The Impact of Flash

A short Twitter exchange with Mike made me pause and think about the positive impact Flash has had on me. I felt the need to scribble a few loose thoughts and anecdotes about a technology near its end.

I’m thinking about the time between late 2004 to sometime in 2008. That's the start of my time working with the Web and computers in any real capacity. Flash was still Macromedia Flash. It was pervasive and incredible.

Building websites with HTML and CSS in 2004 to 2007-ish was interesting, but limited. We made 760 pixel fixed-width pages with tiled background images and bad image-based type. And that’s only if you’d made the switch from table-based layouts. Many folks had not. CSS transitions and animations weren’t even on the radar. jQuery wasn't a thing. JavaScript was still considered a toy language for “DHTML” gimmicks by most.

Flash filled a need and did it well. It provided a path to design and publish web sites with as far out graphics and layouts as we could conjure. Being able to work outside the capabilities of browsers was helpful for someone like me. I had a traditional art background and still felt stifled by computer-based design tools and the limits of browsers of the day. Flash was a looser way to learn and develop digital design skills. At the time, making Flash sites was flat out more fun and exciting.

Movement and sound

Flash helped many of us learn timing, pacing, and rhythm. It helped us learn how to design to music. Sometimes real music, sometimes the songs in our heads. These concepts aren’t limited to animation. Through the years, I’ve folded motion design concepts into tons of static design. It’s one way to arrive at richer, more interesting designs. I realize this sounds esoteric, it is. It’s squishy, designer-feel stuff, but it often results in design that stirs emotion.

Working in Flash opened doors to designing with other mediums like audio. How many of you also used Audacity to create sound effects for use in .swfs? Homemade foley was a constant in my early Flash projects. It was fun and silly and great.

Sites like displayed a breadth and depth to designing with motion and sound on the Web. At the time, you could not find that with sites built with web standards alone. Seeing what was possible opened eyes and removed barriers. If 2Advanced and others could do work like that, so could we. And later, when technology caught up, we learned we could do it without Flash.

These concepts and approaches we learned weren’t lost when we stopped using Flash. We rolled them along to CSS and JavaScript and iOS and Android. The rich motion we now expect from digital products is no doubt inspired and learned by earlier work done with Flash.


We would not have the typographic capabilities on the Web we have today if not for Flash. sIFR let us explore what was possible with custom type in web pages. There were no other options at the time. @font-face would not exist for a couple years. It would be more years still until it had wide enough browser support you could use it.

In this instance, Flash was a polyfill. Using Flash to embed custom fonts helped us learn what we wanted from typography on the Web. That knowledge informed specifications and browser vendors were then able to make the specs reality. This feels, to me, like the most day-to-day, “bread and butter” impact Flash had on the Web.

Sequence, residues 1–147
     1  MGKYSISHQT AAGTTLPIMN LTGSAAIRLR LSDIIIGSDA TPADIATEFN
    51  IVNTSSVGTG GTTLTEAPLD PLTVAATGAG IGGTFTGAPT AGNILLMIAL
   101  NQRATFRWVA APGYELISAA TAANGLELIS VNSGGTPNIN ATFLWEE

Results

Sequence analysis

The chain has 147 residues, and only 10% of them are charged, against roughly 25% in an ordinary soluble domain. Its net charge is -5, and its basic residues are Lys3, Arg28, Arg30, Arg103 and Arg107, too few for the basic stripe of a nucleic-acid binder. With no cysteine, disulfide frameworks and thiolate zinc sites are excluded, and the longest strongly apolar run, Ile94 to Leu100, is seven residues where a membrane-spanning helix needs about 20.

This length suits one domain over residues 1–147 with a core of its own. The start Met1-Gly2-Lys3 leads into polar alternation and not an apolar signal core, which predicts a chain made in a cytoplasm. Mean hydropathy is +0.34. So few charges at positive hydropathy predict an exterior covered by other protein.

Learning to code

Everything in this post is from my perspective, but this section is 100% about my experience. Everyone who writes code learned in a different way. I learned to program using ActionScript 2.0 within Flash so I hold it in high regard. ActionScript was my introduction to basic programming concepts; variables, conditionals, loops, and functions. I took to it well I think because it was the first time I’d seen code tied to a fun end result. Write code, see something fun happen in a .swf. It was immediate and tangible so it stuck.

Writing ActionScript also taught me how to think in code and convince a computer to do what I wanted. Often times the convincing wasn’t done in an elegant way. I remember my final for an Advanced ActionScript course in college. I got half credit on one programming task because I made it work, but did so in some roundabout way. That’s representative of how I write code today. I may not always have the most elegant solution, but I'll get it done no matter what.

It’s really the humans

In Mike’s tweet he used “nostalgic.” I wasn’t sure at the time if I felt nostalgia about Flash or not.

a sentimental longing or wistful affection for the past, typically for a period or place with happy personal associations.

After thinking and writing about this, yes I do. I’m not nostalgic about the technology itself though. Flash, like all other technology, is a means to an end. Thinking about Flash reminds me of that time in my life. It reminds me of the work I was doing, the rush of new ideas, and the thrill of making new things. It reminds me of the people I was working with, most of whom I haven't spoken to in the years since. So yeah, I think I’ll always look back on that time with “wistful affection”.

We’re doing what we always do, moving on. We learn, we evolve, we evolve our tools. This is a good thing and a constant in our field. At the same time it’s important to witness and remember the steps in our evolution.

Even though it has a couple more years of life, Flash’s time has come and gone. Flash's positives far outweigh its negatives and its impact will persist for years after it’s gone.